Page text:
The two most beloved brewing coffee methods for coffee connoisseurs are drip coffee and pour-over. Why waste time on weak instant coffee or coffee pods when you can brew a coffee shop level of coffee right at home. But when it comes to drip coffee vs pour-over, which one should you choose?
For the 75% of adults in the United States that are coffee drinkers, the most common brewing method at home is using an electric coffee maker. However, you can’t really appreciate different flavors of coffee until you have tried different brewing methods.
The drip and pour-over methods are easy once you know-how, and you will probably never go back to instant coffee or the kind you were drinking before.
What made the manual drip coffee and pour-over coffee brewing method come into existence was the invention of coffee filters in 1908 by Melitta Bentz. The first-ever patented electrical drip brewer, the Wigomat, was invented in 1954 by Gottlob Widmann in Germany.
It’s important to remember that we are talking about manual drip coffee here – which is essentially a pour-over method. Drip coffee uses an automatic machine to brew coffee.
In this article, you’re going to find out what drip coffee and pour-over coffee are, and the 5 differences between the two.
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What is Manual Drip Coffee?
The manual drip coffee is similar to Turkish coffee which involves waiting for the coffee to drip through a filter. The filter stops coffee sediments from entering the end result and the slowness of the water passing through allows more flavor and strength to be passed through.
The coffee grounds are placed inside the coffee filter, water is then poured into the filter and the coffee then drips through the filter, filling up a cup or container underneath which is the coffee you will drink.
This kind of brewing method was a very common way of brewing coffee in North America. Nowadays, there are two ways you can prepare drip coffee, you either use a drip coffee machine or bags of drip coffee. There are travel options and more unique designs entering the market every day.
Actual drip coffee is brewed using an automatic drip coffee machine – many coffee fanatics refer to pour-over coffee as the manual drip coffee as essentially, it still drips.
What is a Pour-Over Coffee?
This coffee brewing method involves pouring hot water over the grounds of coffee that are inside a filter, and then the coffee is extracted into a carafe or mug. This method might seem very similar to drip coffee but what sets it apart is that the coffee was extracted by hand-pouring the hot water over the coffee grounds.
This method is much slower but can end up producing a stronger and more flavorful result. It is best to use a gooseneck kettle and pour very slowly to avoid ruining the coffee. The slower the better.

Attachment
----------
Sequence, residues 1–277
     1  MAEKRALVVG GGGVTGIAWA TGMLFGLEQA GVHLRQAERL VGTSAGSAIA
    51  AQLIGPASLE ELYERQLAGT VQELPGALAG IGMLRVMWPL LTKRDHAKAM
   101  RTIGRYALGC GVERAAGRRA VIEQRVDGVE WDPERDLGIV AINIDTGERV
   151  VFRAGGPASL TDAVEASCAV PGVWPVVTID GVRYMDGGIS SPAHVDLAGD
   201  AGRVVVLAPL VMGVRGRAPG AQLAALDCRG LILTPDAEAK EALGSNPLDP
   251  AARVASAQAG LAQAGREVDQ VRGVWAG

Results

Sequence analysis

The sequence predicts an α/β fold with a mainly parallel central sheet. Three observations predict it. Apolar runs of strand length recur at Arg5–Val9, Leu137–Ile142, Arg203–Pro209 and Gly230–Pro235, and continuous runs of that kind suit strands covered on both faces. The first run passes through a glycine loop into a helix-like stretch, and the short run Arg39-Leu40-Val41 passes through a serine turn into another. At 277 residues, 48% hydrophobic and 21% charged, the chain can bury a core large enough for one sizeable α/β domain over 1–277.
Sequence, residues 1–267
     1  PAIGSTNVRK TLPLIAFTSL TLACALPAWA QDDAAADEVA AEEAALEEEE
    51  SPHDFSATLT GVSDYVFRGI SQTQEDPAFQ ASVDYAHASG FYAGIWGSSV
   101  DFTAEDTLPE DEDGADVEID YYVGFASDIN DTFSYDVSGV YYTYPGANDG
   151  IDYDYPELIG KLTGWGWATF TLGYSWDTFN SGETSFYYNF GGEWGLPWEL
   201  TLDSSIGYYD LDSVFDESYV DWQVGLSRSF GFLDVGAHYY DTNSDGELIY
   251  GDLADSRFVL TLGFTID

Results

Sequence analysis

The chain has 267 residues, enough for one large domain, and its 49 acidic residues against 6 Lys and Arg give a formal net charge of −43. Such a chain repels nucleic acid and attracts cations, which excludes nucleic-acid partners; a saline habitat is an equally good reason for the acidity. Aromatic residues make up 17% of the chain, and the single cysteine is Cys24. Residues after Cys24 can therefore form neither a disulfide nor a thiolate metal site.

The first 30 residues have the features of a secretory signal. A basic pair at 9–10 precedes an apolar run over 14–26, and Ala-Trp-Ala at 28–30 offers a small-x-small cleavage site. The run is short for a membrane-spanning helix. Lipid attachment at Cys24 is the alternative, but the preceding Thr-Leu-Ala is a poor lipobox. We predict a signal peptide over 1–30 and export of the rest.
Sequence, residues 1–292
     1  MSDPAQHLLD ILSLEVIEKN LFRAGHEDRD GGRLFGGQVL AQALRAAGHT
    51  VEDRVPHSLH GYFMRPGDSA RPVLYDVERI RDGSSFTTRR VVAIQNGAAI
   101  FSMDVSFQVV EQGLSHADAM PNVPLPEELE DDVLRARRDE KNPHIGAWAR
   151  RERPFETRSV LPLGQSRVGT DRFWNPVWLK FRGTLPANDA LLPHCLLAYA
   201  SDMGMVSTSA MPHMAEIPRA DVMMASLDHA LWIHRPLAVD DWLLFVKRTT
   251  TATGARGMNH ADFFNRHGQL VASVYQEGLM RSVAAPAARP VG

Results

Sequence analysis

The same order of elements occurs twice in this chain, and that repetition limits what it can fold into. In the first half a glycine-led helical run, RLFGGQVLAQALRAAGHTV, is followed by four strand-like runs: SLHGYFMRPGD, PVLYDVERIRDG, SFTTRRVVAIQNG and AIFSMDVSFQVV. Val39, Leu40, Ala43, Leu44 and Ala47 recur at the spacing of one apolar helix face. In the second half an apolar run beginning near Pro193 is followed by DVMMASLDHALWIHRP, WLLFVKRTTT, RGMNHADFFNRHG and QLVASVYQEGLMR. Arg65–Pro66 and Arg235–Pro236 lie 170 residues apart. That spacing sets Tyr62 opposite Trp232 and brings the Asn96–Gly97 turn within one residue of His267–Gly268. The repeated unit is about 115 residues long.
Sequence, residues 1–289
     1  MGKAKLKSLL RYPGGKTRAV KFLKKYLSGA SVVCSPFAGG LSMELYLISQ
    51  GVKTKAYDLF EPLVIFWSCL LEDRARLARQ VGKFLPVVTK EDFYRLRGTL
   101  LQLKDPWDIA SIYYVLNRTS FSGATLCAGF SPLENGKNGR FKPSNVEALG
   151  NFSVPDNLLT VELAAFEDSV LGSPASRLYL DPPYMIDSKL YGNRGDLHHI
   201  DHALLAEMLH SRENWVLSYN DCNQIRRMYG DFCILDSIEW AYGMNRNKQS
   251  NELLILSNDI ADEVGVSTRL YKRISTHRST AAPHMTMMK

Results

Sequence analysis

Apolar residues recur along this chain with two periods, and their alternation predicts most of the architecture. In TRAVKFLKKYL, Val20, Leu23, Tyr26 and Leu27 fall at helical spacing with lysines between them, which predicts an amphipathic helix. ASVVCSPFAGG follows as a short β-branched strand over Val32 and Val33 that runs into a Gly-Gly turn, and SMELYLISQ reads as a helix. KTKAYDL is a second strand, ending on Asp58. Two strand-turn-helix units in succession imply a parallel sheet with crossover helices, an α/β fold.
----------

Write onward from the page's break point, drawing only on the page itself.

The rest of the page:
Drip Coffee vs Pour Over Coffee 5 Key Differences
When it comes to drip coffee and pour-over coffee, the way the coffee is extracted between these two methods is quite the same. But don’t be fooled, these two coffee brewing methods are slightly different from each other.
There are at least 5 differences between these brewing methods when it comes to drip coffee vs pour-over.
1. The Quality of the Brewed Coffee
Depending on the person drinking the coffee, the quality of coffee is very subjective. Some people want their coffee light and medium roasted, while others would prefer a strong dark roast. Because of this, most people prefer manual brewing like drip coffee and pour-over coffee since it allows different variants of coffee flavors to bloom and create the best quality coffee product.
When it comes to the coffee quality, using a drip coffee method, produces only a fairly good cup of joe but the way you do it is easier compared to a pour-over coffee method.
The pour-over coffee method is far from being a simple coffee brewing method. It needs a certain level of skill and attention. If you’re able to use the tools properly and develop the required skills for a pour-over, then you deserve the highest quality of coffee that it makes.
On this one, we would have to say that the pour-over coffee would produce a higher quality coffee than the drip coffee. Only slightly though. As the pour-over is a slower process, it allows for more flavors and oils to build up and produces a better quality final result.
This can be subjective however and would depend on the type of beans, the grind, the age, type of brewing device, and many other factors.